|Continent||Central and Latin America|
|Date||31 Jan 2019|
The Galapagos Islands host large predator abundances, such as the scalloped hammerhead, Sphyrna lewini. This species is listed as ‘Endangered’ by the International Union for the Conservation of Nature (IUCN) and it is included in the appendix II of the Convention on the International Trade of Endangered Species (CITES) and appendix II of the Convention of Migratory species (CMS). Hammerheads are migratory and present high levels of connectivity between the Galapagos in Ecuador and other oceanic islands within the Tropical Eastern Pacific (TEP). However, despite the protection by the Galapagos Marine Reserve (GMR), hammerheads are still vulnerable to both legal and illegal commercial fishing when travelling outside these boundaries. In addition, sharks are also affected by the climate variability that occurs in the TEP during extreme weather events, which impacts, such as Increase in sea surface temperature, stratification of the water column, and increase on diseases incidence have been linked to alterations in hammerheads populations (Klimley and Jorgensen 2003).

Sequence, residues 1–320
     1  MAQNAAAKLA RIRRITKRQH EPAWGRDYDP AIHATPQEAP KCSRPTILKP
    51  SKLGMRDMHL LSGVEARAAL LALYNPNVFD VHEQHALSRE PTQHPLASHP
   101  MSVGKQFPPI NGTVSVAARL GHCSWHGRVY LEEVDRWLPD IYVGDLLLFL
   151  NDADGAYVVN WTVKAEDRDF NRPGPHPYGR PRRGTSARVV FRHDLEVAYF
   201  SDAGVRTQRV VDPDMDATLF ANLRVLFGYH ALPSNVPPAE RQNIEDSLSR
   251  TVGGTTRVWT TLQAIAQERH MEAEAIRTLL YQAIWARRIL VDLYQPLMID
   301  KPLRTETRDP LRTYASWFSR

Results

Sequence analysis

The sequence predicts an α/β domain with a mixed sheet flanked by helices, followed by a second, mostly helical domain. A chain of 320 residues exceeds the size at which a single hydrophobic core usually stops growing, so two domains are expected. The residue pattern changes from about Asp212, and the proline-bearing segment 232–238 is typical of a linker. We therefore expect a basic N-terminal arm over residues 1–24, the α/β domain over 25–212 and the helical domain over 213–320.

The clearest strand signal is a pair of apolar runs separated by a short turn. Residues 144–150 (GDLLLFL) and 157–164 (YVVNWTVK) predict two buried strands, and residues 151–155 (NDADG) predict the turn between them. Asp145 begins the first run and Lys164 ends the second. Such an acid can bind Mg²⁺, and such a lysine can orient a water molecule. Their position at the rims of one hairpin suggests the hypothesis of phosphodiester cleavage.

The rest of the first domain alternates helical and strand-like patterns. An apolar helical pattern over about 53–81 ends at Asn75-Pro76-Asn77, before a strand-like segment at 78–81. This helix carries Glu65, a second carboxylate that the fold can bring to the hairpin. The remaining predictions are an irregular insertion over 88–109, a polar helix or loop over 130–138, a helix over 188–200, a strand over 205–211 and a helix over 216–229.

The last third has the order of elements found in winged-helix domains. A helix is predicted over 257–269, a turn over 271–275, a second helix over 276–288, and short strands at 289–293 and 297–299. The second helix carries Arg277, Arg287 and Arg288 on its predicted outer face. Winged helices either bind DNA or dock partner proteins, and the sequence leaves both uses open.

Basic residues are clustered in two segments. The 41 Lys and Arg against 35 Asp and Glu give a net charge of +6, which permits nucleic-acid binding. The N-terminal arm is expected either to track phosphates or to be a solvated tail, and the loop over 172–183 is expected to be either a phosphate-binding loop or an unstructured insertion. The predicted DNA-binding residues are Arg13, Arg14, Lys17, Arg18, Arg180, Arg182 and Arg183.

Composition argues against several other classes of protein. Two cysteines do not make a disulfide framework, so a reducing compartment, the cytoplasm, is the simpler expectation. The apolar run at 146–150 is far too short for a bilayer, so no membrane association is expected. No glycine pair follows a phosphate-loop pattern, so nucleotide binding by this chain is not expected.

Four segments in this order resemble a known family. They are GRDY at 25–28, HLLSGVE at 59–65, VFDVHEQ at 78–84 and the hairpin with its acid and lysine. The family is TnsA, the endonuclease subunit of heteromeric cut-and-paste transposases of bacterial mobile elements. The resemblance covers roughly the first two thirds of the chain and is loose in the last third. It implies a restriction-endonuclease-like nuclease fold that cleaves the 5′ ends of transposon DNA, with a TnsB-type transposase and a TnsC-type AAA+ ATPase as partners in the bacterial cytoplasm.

Climate change is predicted to increase the frequency and intensity of events like El Niño (Cai et al. 2014). According to NOAA, there was a strong El Niño in the years 2016-2017 and another event is predicted for the spring of 2019. El Niño significantly affects the structure of pelagic ecosystems limiting the available habitat for predators and changing the biomass of potential prey.
We will conduct feeding behaviour studies on hammerhead sharks using stable isotope analysis that will reveal the sharks’ trophic position, diet, and distribution. Furthermore, by investigating feeding behaviour on top predators during changing weather events we can use this information as a window into the future impacts of climate change on the ecology of this keystone species. If hammerheads that occupy tertiary trophic levels significantly alter their feeding behaviour during changing weather conditions, this can have direct impacts on secondary consumers. Moreover, hammerheads sit at the top of food chains and help maintain healthy ecosystems, therefore, their reduction has negative top-down effects that cascade throughout the entire food web. These sharks act as umbrella species, which means that studying and conserving their populations will also help protect other species down the food chain. Finally, due to the high population connectivity throughout the TEP, our findings can be related to other hammerhead populations as they are equally exposed to climate variability impacts.
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